The images we have seen emerging from the aftermath of Typhoon Haiyan in the Philippines show nothing less than a humanitarian tragedy of epic proportions. At the present moment, the storm has claimed the lives of about an estimated 2,500 people, and has caused an estimated $14 billion in damage, although the full extent is not yet known.
As we stare at our television screens wondering if there is something we can do from so far away, it is easy to feel that there is little that can be done. But, when it comes to us as a society, there is actually much that can be done. Just don’t plan on our leaders grabbing the bull by the horns any time soon.
Last year at the 67th session of the United Nations General Assembly, the presidents of two small countries took the floor to address their concerns for the foreseeable future. President Christopher Loeak of the Marshall Islands, a small island nation in the Pacific Ocean, spoke up about the responsibility of larger, more developed countries to those who might not be so powerful.
President Loeak said his nation has plans in place to drastically cut its own climate change-inducing emissions.
"I ask the rest of the world if you will also meet us in ambition,” Loeak said. “Will it come soon enough?”
His concerns were echoed by President Sprent Dabwido of Nauru, another small Pacific island nation speaking at the assembly. Islands like Nauru, and the Philippines, for that matter, will bear the brunt of early manifestations of climate change. But eventually it will hit everyone, he warned.
“Small islands may be the canary in the coalmine, but we are all staring a global catastrophe right in the face,” he said.
The archipelago of the Philippines is made up of more than 7,000 of these kinds of “small islands,” many of which contain some of the most densely populated areas in the world. So when an area like the Philippines gets hit, it’s not like a few trees fall down and that’s that: it becomes a global tragedy.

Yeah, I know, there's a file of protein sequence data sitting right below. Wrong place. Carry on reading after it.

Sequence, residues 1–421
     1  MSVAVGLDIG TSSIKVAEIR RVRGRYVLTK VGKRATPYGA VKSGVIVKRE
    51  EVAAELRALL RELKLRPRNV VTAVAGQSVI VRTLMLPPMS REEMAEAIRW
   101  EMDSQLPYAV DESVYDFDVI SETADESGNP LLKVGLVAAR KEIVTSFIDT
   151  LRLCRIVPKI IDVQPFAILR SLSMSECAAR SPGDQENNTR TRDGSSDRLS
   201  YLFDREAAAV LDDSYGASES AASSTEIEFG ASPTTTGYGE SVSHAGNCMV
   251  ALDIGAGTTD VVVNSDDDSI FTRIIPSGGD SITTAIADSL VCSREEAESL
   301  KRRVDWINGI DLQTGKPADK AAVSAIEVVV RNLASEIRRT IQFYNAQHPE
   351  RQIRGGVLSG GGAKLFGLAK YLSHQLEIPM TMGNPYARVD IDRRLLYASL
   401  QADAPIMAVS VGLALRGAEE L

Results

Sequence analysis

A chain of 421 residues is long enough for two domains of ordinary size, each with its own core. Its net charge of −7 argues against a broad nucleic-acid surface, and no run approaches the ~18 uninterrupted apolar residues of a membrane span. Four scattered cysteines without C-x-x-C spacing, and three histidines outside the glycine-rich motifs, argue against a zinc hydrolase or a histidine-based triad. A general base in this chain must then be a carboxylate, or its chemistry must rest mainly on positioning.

Superstorms like last year’s Hurricane Sandy and the recent Typhoon Haiyan have been increasing in frequency. They largely affect low-lying areas, many of which are developing third world nations. Many point to climate change as a direct cause of these kinds of storms.
There is one positive thing this massive incident may bring to the table. It might convince governments of developing nations that they have a responsibility to their smaller counterparts, who have less ability to protect themselves from such disasters.
In the meantime, developing countries might feel that increasing evidence of climate change is an inconvenience, or that reacting accordingly might be incompatible with the demands of modern life.
Just maybe, that may no longer be status quo.
During that same UN General Assembly last year, UN Secretary General Ban Ki-moon announced that larger governments must not be complacent, and start creating policy that reflects the dangers of climate change.
"The severe and growing impacts of climate change are there before our eyes – yet too many people in power seem willfully blind to the threat,” said Ban. “This is a time of turmoil, transition and transformation – a time when time itself is not on our side."
Those words were spoken a week after a study was released, stating that disasters related to climate change have the potential to cost the lives of more than 100 million people by the year 2030.
A little more than a year and two superstorms later, nothing has changed. However, the UN’s Climate Change Conference began on Monday in Poland's capital Warsaw. During the conference, Yeb Sano, the delegate for the Philippines, pledged to fast until meaningful progress has been made concerning climate change.
With this disaster in the Philippines on the eyes and in the hearts of many, hopefully it will be time for us to address this head-on with firm policy. Because if not now, when?
Daniel Rivero is a producer/reporter for Fusion who focuses on police and justice issues. He also skateboards, does a bunch of arts related things on his off time, and likes Cuban coffee.